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Published on May 25, 2013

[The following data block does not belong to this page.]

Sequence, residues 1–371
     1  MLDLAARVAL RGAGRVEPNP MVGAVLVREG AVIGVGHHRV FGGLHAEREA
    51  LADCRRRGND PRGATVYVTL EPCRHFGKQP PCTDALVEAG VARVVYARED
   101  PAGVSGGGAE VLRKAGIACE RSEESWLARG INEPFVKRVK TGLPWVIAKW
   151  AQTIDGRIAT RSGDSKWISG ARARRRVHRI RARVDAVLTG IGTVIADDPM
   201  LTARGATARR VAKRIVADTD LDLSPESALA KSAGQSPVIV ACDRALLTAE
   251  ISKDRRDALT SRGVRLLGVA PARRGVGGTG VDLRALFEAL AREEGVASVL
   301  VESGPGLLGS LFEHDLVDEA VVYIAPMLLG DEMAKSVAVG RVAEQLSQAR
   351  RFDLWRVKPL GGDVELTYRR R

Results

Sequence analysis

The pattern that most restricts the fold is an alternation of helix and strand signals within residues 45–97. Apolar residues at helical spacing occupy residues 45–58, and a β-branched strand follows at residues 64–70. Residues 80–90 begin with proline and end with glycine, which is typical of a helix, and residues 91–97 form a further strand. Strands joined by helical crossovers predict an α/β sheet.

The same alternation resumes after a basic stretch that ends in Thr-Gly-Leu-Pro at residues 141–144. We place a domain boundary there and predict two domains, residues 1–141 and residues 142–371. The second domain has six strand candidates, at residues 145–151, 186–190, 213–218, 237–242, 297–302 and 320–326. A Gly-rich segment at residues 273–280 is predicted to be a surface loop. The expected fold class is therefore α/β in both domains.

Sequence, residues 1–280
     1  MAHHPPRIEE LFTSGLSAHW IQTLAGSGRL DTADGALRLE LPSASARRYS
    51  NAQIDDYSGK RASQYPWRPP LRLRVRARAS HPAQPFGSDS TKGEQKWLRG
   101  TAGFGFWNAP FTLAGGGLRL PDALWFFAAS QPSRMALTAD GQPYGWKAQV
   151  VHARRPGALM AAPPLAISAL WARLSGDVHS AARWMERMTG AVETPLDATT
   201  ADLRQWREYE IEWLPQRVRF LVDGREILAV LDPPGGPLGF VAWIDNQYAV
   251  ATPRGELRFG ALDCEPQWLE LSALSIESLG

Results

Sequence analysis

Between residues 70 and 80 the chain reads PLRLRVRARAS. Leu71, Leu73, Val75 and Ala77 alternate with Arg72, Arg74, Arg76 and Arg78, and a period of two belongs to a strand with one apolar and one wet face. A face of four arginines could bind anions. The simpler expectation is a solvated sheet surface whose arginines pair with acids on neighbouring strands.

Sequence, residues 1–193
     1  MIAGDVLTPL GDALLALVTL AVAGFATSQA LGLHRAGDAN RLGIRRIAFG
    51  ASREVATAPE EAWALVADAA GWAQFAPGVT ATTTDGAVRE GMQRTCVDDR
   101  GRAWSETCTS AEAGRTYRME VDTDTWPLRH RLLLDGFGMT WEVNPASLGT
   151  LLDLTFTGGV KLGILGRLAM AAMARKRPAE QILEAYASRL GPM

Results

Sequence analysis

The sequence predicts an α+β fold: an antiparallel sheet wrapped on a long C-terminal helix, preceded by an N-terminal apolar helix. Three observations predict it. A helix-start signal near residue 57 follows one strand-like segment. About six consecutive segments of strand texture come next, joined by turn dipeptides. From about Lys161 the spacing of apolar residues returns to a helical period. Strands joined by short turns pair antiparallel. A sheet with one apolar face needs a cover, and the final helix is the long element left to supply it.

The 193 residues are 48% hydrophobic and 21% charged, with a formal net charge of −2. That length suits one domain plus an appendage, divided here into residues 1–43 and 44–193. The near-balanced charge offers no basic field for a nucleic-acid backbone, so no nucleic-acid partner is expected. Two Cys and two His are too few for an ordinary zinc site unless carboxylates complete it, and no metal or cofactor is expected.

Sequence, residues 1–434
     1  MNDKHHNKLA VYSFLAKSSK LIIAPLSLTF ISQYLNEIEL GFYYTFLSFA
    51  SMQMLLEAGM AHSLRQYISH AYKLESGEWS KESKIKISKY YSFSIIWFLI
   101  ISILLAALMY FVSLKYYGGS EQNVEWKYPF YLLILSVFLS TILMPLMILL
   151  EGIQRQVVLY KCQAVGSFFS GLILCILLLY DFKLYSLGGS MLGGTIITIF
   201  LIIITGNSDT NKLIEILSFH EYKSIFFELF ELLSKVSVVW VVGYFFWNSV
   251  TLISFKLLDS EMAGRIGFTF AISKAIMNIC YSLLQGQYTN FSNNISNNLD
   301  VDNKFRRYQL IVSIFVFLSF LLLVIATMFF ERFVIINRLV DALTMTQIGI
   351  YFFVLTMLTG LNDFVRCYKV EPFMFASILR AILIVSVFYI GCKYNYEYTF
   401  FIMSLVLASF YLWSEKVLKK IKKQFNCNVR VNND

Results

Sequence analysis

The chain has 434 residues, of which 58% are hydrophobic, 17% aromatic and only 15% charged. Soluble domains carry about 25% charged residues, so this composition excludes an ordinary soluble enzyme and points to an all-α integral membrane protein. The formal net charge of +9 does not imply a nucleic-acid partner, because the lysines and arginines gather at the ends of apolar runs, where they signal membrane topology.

The varied carpet beetle can be a serious pest in buildings and homes. The larvae here resembles a wooly caterpillar (thus it is also called the wooly bear) that you may have seen crawling around on your carpet or bed from time to time; it eats natural fibers in carpets, furniture, and clothing. They also damage museum exhibits and things like insect collections, which are more nutritionally rich than carpets. Anthrenus verbasci larvae hatch from eggs in the spring and early summer, often in the nests of birds or around stored fabrics. The larvae go dormant and pupate to become adults after a long life of shuffling around on our carpets and eating fibers, but it is not clear to me how it can have any kind of annual circadian rythym to do so indoors, especially since I have days where I don't even open my blinds. Anthrenus verbasci was the first insect to be shown to have an annual circadian rhythm.